U.N. Secretary-General Ban Ki-moon called on Syria Thursday to stop its attacks, saying U.N. observers monitoring the cease-fire were not there to watch the killing of innocent people.

"We are there to record violations and to speak out so that the perpetrators of crimes may be held to account," Ban told a summit of the Alliance of Civilizations, a forum promoting understanding between the Western and Islamic worlds, days after more than 100 people were massacred in Syria's central Houla region.

"The more the international community knows," Ban said, "the more likely it is that we can advance on our most important goal: to help find a political solution, a solution that safeguards the lives and interests of all the Syrian people."

"Let me state plainly, however: The UN did not deploy in Syria just to bear witness to the slaughter of innocents," he said. "We are not there to play the role of passive observer to unspeakable atrocities."

Ban said that U.N. envoy Kofi Annan has expressed his concern that a "tipping point" may have been reached in Syria.

"The massacre of civilians of the sort seen last weekend could plunge Syria into a catastrophic civil war — a civil war from which the country would never recover," Ban said. "I demand that the government of Syria act on its commitments under the Annan peace plan. A united international community demands that the Syrian government act on its responsibilities to its people."

Ban urged nations to speak more loudly in "these difficult times, in the face of humankind's terrible capacity for inhumanity."

"We hear a great deal about the so-called 'clash of civilizations' — the supposed rift between predominantly Muslim and Western societies," he said. "That is not what is going on in Syria. There, it is the old story of a tyranny seeking to hold power. And in seeking to hold on to power, the regime threatens to exacerbate tensions among Syria's diverse people, much as we saw in the former Yugoslavia two decades ago."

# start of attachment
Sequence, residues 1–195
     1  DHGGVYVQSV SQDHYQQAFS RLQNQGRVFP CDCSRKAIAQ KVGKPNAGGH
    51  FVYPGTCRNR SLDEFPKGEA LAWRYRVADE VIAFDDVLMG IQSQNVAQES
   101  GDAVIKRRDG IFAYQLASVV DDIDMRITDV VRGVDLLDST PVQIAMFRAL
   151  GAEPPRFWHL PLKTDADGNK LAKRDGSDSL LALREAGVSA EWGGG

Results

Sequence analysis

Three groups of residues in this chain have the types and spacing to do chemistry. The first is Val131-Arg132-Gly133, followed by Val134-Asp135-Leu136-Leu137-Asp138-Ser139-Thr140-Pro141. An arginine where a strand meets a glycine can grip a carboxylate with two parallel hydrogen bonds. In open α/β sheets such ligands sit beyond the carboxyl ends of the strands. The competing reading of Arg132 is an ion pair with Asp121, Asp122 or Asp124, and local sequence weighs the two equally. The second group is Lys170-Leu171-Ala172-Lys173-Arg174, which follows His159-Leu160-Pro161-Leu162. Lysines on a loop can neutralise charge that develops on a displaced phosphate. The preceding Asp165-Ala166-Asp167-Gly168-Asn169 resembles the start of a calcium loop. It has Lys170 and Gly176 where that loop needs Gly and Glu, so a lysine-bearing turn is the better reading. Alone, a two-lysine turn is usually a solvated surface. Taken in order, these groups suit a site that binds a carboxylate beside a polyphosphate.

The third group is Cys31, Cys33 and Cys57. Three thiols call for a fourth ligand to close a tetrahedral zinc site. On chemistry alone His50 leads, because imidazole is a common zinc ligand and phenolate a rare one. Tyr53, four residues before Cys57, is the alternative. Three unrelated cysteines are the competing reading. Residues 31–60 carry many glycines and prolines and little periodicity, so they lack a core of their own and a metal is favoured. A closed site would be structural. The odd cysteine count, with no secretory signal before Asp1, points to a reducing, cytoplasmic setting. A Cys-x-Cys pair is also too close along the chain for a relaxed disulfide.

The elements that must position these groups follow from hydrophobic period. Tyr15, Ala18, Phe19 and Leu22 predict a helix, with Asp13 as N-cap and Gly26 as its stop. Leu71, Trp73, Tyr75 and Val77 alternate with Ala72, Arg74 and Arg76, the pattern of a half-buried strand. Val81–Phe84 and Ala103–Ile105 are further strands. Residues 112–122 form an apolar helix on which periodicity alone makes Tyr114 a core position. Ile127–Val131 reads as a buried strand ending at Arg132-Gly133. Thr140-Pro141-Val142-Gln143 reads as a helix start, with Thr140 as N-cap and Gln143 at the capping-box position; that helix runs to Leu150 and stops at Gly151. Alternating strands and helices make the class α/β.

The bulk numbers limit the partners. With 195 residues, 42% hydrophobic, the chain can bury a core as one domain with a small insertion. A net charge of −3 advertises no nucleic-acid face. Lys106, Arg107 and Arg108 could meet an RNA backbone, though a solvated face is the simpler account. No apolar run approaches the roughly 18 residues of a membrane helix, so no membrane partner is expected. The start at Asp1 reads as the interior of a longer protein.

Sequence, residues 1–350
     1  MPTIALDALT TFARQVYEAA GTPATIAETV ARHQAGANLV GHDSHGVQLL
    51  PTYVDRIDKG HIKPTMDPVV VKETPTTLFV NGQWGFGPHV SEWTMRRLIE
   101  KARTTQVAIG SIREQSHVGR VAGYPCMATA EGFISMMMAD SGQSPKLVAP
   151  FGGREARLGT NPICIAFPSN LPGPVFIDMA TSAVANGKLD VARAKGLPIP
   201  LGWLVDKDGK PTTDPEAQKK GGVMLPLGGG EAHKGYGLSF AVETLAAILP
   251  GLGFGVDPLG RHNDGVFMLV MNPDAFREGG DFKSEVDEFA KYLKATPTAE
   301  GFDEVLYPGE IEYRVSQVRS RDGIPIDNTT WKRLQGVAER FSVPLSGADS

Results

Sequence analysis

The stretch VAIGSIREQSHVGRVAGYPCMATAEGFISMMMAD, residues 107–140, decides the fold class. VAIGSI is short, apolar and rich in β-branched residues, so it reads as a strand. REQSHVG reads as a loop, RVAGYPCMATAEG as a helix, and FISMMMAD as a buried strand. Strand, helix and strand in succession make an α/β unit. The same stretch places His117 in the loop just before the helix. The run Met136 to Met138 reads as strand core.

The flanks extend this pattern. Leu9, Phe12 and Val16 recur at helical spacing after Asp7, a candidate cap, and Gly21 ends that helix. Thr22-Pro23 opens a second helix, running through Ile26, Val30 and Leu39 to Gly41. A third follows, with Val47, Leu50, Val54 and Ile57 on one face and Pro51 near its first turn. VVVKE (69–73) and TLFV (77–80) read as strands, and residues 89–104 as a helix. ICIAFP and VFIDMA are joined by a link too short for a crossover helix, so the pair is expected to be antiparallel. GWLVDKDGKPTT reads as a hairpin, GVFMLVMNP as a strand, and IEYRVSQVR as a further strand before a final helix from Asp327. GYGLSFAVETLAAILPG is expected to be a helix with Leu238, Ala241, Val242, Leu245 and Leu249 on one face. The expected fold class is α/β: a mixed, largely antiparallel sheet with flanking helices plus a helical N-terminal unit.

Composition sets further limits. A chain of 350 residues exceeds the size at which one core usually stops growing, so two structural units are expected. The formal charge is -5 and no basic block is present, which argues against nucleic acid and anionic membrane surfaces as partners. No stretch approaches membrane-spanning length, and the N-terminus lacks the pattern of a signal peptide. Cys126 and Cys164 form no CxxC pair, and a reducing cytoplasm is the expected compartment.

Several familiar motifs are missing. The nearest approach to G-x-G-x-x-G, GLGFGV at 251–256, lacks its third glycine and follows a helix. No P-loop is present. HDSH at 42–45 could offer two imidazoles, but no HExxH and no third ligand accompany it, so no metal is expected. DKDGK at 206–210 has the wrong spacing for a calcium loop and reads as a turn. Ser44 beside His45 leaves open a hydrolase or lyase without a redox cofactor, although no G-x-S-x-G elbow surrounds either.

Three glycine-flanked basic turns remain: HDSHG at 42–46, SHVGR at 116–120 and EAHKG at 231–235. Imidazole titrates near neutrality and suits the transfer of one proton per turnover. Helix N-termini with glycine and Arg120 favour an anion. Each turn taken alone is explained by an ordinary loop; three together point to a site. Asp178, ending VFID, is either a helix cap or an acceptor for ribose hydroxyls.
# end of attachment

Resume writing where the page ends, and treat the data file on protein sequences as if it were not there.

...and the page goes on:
Turkish Prime Minister Recep Tayyip Erdogan, meanwhile, called on the world to pay heed to the desperation of families whose children are massacred in Syria.

Erdogan said these are "our children who are massacred in Hama, Homs and Houla, as much they are the children of desperate Syrian families."

He said the world should not remain silent in the face of "oppression."

At U.N. headquarters in New York, U.S. Ambassador Susan Rice reiterated that there are three scenarios in Syria — the "desired and best" being for Syria to fully implement international envoy Kofi Annan's six-point peace plan.

But she said if this is to happen "Syria is going to have to feel much greater pressure, particularly from its partners and supporters" including Russia, and therefore the U.N. Security Council must apply that pressure.

On Wednesday, Rice said that pressure should include sanctions. She also said the worst but most probable scenario is a failure of Annan's peace plan and a spreading conflict that creates a major crisis not only in Syria but the region.

Rice told reporters Thursday that if the first two scenarios fail "the inevitable outcome of the status quo is that the situation continues to deteriorate with grave risks for the region as well as for the people of Syria."

"What we're looking for is a Syrian-led political transition that ... has to lead to the emergence of a new government that is representative of the will of the Syrian people," she said. "And we believe that that process would by definition lead to Assad's departure."

Rice said whether this is achieved by following the transition in Yemen, where the president stepped down and the vice-president took over, "or some other style, I think we are open about and prepared to discuss."